When I was a student in Norwich in the late 1990s, it used to be said that the city had a pub for every day of the year. In fact there are almost twice as many as that, as I was reliably informed at the press trip for the Norwich City of Ale Festival (23rd-25th May). I wasn’t able to personally verify the claim, but the trip took us to a good number of beautiful and historic hostelries.
After meeting on the steps of Norwich City Hall with the Lord Mayor and other dignitaries, we were taken by retro red bus to the official launch party amid the ornate 15th century wall-paintings of St Gregory’s Church. Of course a fine selection of local craft ales was available, including many by Lacons, a respected Great Yarmouth brewery. The favourites seemed to be dry, amber-hued Encore and hoppy-citrusy Legacy.
Day 2 began with a Blue Badge Walking Tour of Norwich’s most intriguing pubs. The Adam & Eve is an intimate hangout of cosy snugs and pretty Dutch gables. The oldest pub in Norwich, it’s rumoured to be haunted by the ghost of Lord Sheffield who was killed in the Kett’s Rebellion of 1549. Located in the grand shadow of Norwich Cathedral, the glowing white façade of the Wig & Pen is some four hundred years old. Looking out across the tranquil Wensum River, the Ribs of Beef boasts walls that date back to well before the great Norwich Fire of 1507.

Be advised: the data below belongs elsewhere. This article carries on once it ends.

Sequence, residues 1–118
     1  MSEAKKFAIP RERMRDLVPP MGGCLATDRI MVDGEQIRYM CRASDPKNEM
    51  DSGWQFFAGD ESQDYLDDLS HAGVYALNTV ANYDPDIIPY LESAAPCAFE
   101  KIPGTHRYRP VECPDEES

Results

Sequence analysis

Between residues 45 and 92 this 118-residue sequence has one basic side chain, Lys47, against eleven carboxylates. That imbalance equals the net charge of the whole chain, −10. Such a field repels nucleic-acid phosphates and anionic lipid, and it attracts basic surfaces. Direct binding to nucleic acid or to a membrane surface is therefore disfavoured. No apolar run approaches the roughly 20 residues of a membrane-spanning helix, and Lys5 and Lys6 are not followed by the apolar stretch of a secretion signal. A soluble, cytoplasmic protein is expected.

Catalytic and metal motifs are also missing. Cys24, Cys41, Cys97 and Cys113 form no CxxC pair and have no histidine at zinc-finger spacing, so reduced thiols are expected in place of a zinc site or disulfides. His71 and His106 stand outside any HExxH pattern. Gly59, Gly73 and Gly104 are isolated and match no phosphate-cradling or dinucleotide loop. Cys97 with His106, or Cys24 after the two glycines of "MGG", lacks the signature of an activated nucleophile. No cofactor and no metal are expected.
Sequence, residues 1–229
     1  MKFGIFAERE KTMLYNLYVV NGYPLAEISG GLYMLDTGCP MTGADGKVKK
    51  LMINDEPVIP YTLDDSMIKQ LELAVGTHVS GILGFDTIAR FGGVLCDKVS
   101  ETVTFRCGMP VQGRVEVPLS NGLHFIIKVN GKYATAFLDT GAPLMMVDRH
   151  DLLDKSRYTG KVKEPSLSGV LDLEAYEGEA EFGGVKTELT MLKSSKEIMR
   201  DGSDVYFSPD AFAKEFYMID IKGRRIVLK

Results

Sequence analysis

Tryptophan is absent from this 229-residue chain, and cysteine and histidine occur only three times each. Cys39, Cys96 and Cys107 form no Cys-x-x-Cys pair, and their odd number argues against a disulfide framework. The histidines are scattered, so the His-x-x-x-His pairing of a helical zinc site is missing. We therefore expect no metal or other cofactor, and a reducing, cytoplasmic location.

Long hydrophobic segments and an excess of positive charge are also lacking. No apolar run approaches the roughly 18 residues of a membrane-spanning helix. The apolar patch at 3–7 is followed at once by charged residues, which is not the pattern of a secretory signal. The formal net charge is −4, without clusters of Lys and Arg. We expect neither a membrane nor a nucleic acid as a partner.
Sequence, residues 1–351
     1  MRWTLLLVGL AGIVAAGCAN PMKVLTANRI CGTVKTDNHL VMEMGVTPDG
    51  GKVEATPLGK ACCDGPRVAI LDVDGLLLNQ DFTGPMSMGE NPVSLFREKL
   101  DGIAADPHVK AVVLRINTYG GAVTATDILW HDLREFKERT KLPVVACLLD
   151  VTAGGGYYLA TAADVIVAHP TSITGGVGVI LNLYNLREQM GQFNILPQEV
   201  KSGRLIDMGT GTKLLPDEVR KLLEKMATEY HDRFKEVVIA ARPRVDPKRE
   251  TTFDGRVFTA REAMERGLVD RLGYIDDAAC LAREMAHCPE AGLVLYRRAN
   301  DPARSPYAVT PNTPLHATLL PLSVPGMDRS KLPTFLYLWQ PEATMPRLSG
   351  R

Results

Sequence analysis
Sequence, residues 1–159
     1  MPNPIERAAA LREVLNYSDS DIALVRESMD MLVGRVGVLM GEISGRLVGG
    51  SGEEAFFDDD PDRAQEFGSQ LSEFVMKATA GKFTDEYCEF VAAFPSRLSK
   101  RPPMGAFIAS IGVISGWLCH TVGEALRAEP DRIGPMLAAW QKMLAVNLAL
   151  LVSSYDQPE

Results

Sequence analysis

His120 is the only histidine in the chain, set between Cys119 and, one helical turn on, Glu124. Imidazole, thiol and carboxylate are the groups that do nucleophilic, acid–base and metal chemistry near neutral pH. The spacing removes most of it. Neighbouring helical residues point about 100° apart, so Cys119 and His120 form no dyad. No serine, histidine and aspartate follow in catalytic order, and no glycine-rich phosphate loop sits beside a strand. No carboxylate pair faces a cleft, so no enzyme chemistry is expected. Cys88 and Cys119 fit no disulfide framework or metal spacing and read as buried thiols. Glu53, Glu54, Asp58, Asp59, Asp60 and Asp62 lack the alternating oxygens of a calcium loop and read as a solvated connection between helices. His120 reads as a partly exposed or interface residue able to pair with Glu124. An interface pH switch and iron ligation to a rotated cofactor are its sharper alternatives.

We reassembled in the evening at the Murderers, a busy city centre pub full of character – and characters. There were talks by local brewers and employees of Crisp Maltings whose daring allegation that Norfolk barley is “the best” was put to the test later when Roger Protz, editor of the Good Beer Guide, led an entertaining and educational ale-tasting session.
In my experience it isn’t often that the accommodation for a press trip is so remarkable that it deserves a story all to itself. However, this was precisely true of the Maids Head Hotel, which is widely believed to be the oldest functioning hotel in Britain. Over the last eight centuries it has been the scene of high-profile trials, peasants’ revolts, large Masonic meetings and royal visits. Well-rested in the suite that Queen Elizabeth I used to stay in, I took the Greater Anglia train out of Norwich on Saturday morning with happy – if also slightly – disjointed memories.
Originally published in the June issue of Globetrotter, the magazine of the British Guild of Travel Writers